• Betsy Jabs says

      Amanda…you’re sure to be an inspiration to others who are desiring a change, but are too scared it will be difficult! I love that you’re not afraid of a little extra time commitment in exchange for a healthier family. :)

  32. Amanda says

    I forgot to add to check into a butter bell crock-keeps butter fresh and room temp on the counter for a week ;-) easy breezy!

  33. Marlies Bates says

    We got rid of our microwave when we started our kitchen remodel a few months back as it did not fit into the layout. I reheat everything on top of the stove or in the oven. It does take a little longer but definitely worth it healthwise. My mother in law came for dinner one day and wanted to know how on earth do I cook without it– I simply told her the old fashioned way. I do not miss it except when my husband or I need to warm up the herbal bag for pain relief. Any suggestions?

    • Betsy Jabs says

      What about using a pan with a little boiling water in the bottom, with a glass bowl that rests within the pan (without touching the water), and basically steaming your herbal bag? Put a lid on the whole thing to trap the steam and check periodically to see if the bag is warm enough.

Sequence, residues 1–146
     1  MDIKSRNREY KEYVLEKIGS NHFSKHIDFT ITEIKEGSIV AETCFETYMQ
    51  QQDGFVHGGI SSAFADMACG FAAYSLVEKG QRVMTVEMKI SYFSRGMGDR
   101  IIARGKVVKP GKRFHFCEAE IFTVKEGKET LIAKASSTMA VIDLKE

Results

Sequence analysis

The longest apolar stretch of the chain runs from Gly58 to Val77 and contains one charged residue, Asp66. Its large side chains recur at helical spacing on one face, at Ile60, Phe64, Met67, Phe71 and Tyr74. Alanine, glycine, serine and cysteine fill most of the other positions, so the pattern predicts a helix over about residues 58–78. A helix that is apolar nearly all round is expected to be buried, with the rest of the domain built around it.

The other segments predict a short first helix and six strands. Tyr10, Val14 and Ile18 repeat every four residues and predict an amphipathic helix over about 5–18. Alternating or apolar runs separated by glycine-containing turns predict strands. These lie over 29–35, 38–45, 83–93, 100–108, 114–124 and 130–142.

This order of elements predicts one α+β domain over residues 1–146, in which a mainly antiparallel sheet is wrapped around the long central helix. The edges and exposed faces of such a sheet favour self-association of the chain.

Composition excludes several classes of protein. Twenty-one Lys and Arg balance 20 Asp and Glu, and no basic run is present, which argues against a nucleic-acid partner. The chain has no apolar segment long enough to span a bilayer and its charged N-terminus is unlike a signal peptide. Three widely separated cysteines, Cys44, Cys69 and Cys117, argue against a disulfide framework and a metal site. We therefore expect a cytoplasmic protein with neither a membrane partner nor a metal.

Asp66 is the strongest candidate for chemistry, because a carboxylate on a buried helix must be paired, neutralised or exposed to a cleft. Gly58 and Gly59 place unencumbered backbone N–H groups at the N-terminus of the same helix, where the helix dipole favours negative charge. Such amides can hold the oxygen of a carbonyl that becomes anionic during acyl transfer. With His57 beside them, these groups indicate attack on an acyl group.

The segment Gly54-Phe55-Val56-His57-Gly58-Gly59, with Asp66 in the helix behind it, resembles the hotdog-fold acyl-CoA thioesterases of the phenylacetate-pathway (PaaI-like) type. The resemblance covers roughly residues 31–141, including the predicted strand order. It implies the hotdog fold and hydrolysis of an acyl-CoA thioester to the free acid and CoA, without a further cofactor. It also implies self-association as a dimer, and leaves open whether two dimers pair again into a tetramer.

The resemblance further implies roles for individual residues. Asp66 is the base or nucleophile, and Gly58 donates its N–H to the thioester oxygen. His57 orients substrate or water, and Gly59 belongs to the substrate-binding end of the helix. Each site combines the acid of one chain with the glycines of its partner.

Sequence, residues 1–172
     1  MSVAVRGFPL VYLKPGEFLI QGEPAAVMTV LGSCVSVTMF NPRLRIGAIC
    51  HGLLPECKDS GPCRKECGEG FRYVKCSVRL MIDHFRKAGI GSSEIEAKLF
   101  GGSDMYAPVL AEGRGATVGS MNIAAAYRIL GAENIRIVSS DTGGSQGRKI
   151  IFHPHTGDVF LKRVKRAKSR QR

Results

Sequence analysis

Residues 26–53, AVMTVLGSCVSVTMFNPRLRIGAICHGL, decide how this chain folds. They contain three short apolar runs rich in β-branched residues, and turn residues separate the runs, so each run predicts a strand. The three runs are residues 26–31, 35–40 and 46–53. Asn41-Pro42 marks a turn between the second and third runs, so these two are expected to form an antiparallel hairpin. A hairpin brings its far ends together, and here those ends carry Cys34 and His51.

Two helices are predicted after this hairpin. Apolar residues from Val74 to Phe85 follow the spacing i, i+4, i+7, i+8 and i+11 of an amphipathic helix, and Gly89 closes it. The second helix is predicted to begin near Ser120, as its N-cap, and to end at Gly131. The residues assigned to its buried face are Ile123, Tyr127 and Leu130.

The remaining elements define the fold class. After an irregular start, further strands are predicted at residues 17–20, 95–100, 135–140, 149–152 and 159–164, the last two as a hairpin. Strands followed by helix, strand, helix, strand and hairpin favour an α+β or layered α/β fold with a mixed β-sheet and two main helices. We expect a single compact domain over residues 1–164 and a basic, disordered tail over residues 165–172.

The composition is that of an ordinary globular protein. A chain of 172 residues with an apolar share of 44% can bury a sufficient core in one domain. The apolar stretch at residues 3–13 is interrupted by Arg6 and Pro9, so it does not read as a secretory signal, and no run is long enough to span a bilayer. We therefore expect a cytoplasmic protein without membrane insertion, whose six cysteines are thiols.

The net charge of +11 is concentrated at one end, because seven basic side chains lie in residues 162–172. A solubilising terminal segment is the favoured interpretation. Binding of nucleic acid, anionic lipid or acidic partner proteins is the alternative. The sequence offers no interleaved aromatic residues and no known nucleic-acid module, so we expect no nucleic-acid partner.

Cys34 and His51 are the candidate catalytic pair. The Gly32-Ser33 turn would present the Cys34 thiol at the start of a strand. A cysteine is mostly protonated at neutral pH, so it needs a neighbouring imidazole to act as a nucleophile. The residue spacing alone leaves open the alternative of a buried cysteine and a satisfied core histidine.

34. Bobby says

    Wow, the ignorance displayed here is scary. I don’t really know where to begin, but here are a few points:

    1. Many people clearly don’t understand what radiation is and the difference between radiation (which is everywhere) and BAD radiation.

    2. Cooking on the stove creates radiation and changes the molecular structure of food just like any other source of heat.

    3. The difference in time is NOT negligible as many claim. The reason I ended up at this site in the first place is that today I spent 20 minutes cleaning up the stove after my wife refused to use the microwave to heat up some soup. Most food can be heated up in the same container that you’ll eat from, instead of having to wash a pot AND a plate/bowl.